Old Oti's pride had been touched, for he suddenly stripped down his lava-lava and showed me the unmistakable scar of a bullet. Before I could speak, his line ran out suddenly. He checked it and attempted to haul in, but found that the fish had run around a coral branch. Casting a look of reproach at me for having beguiled him from his watchfulness, he went over the side, feet first, turning over after he got under and following his line down to bottom. The water was ten fathoms. I leaned over and watched the play of his feet, growing dim and dimmer, as they stirred the wan phosphorescence into ghostly fires. Ten fathoms—sixty feet—it was nothing to him, an old man, compared with the value of a hook and line. After what seemed five minutes, though it could not have been more than a minute, I saw him flaming whitely upward. He broke surface and dropped a ten pound rock cod into the canoe, the line and hook intact, the latter still fast in the fish's mouth.
"It may be," I said remorselessly. "You no fright long ago. You plenty fright now along that fella trader."
"Yes, plenty fright," he confessed, with an air of dismissing the subject. For half an hour we pulled up our lines and flung them out in silence. Then small fish-sharks began to bite, and after losing a hook apiece, we hauled in and waited for the sharks to go their way.
"I speak you true," Oti broke into speech, "then you savve we fright now."
I lighted up my pipe and waited, and the story that Oti told me in atrocious bêch-de-mer I here turn into proper English. Otherwise, in spirit and order of narrative, the tale is as it fell from Oti's lips.
"It was after that that we were very proud. We had fought many times with the strange white men who live upon the sea, and always we had beaten them. A few of us were killed, but what was that compared with the stores of wealth of a thousand thousand kinds that we found on the ships? And then one day, maybe twenty years ago, or twenty-five, there came a schooner right through the passage and into the lagoon. It was a large schooner with three masts. She had five white men and maybe forty boat's crew, black fellows from New Guinea and New Britain; and she had come to fish bêche-de-mer. She lay at anchor across the lagoon from here, at Pauloo, and her boats scattered out everywhere, making camps on the beaches where they cured the bêche-de-mer. This made them weak by dividing them, for those who fished here and those on the schooner at Pauloo were fifty miles apart, and there were others farther away still.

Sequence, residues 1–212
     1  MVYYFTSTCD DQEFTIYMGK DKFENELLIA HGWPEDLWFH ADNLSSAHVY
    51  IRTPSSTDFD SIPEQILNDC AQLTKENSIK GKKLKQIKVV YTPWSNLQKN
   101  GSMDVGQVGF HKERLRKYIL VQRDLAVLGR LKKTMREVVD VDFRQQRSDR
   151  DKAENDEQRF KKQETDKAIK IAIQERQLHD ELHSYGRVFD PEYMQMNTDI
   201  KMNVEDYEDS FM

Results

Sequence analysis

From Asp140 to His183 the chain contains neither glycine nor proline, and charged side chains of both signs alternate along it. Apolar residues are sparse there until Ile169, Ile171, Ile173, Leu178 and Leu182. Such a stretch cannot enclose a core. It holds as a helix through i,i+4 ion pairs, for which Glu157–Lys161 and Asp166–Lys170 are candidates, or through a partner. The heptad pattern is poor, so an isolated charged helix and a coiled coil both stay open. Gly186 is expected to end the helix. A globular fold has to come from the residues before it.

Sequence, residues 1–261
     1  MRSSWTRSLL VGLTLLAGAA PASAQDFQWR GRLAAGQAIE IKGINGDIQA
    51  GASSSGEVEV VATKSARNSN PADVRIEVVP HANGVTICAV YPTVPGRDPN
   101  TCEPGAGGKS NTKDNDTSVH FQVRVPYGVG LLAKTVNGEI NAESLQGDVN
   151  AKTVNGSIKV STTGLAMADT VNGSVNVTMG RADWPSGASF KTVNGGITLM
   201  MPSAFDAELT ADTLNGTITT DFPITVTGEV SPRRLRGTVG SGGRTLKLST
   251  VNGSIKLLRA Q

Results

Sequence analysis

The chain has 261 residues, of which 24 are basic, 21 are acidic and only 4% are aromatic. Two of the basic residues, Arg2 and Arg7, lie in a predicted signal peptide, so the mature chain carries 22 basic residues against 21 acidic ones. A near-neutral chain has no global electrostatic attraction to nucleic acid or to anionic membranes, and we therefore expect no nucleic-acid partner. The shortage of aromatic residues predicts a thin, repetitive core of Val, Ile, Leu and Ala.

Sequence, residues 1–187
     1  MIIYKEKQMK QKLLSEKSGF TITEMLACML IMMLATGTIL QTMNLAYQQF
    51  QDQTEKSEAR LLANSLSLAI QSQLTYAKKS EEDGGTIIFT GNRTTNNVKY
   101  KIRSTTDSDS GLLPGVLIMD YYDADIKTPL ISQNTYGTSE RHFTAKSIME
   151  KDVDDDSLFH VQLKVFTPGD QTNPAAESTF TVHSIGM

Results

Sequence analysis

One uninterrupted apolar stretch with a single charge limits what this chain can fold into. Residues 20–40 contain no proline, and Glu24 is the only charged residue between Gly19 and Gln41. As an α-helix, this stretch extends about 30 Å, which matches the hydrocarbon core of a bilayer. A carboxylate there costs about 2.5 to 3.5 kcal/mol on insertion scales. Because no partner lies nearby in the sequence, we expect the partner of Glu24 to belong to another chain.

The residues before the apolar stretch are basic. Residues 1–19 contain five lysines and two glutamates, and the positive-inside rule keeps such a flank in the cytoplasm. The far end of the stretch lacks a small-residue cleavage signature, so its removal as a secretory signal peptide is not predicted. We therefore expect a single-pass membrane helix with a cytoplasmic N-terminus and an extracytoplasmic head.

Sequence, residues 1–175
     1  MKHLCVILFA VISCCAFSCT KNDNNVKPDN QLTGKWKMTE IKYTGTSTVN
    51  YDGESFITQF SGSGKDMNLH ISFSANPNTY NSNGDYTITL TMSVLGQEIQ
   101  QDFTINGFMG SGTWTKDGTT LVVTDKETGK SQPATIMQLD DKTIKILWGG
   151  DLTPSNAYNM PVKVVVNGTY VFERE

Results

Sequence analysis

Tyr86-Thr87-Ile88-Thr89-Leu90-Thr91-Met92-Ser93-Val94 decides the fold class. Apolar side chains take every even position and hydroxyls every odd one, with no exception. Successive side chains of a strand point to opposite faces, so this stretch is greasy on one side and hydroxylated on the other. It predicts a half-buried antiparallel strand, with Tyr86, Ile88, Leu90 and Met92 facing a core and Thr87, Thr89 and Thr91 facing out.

"Our king and headmen held council, and I was one in the canoe that paddled all afternoon and all night across the lagoon, bringing word to the people of Pauloo that in the morning we would attack the fishing camps at the one time and that it was for them to take the schooner. We who brought the word were tired with the paddling, but we took part in the attack. On the schooner were two white men, the skipper and the second mate, with half a dozen black boys. The skipper with three boys we caught on shore and killed, but first eight of us the skipper killed with his two revolvers. We fought close together, you see, at hand grapples.
"The noise of our fighting told the mate what was happening, and he put food and water and a sail in the small dingy, which was so small that it was no more than twelve feet long. We came down upon the schooner, a thousand men, covering the lagoon with our canoes. Also, we were blowing conch shells, singing war songs, and striking the sides of the canoes with our paddles. What chance had one white man and three black boys against us? No chance at all, and the mate knew it.
"White men are hell. I have watched them much, and I am an old man now, and I understand at last why the white men have taken to themselves all the islands in the sea. It is because they are hell. Here are you in the canoe with me. You are hardly more than a boy. You are not wise, for each day I tell you many things you do not know. When I was a little pickaninny, I knew more about fish and the ways of fish than you know now. I am an old man, but I swim down to the bottom of the lagoon, and you cannot follow me. What are you good for, anyway? I do not know, except to fight. I have never seen you fight, yet I know that you are like your brothers and that you will fight like hell. Also, you are a fool, like your brothers. You do not know when you are beaten. You will fight until you die, and then it will be too late to know that you are beaten.
"Now behold what this mate did. As we came down upon him, covering the sea and blowing our conches, he put off from the schooner in the small boat, along with the three black boys, and rowed for the passage. There again he was a fool, for no wise man would put out to sea in so small a boat. The sides of it were not four inches above the water. Twenty canoes went after him, filled with two hundred young men. We paddled five fathoms while his black boys were rowing one fathom. He had no chance, but he was a fool. He stood up in the boat with a rifle, and he shot many times. He was not a good shot, but as we drew close many of us were wounded and killed. But still he had no chance.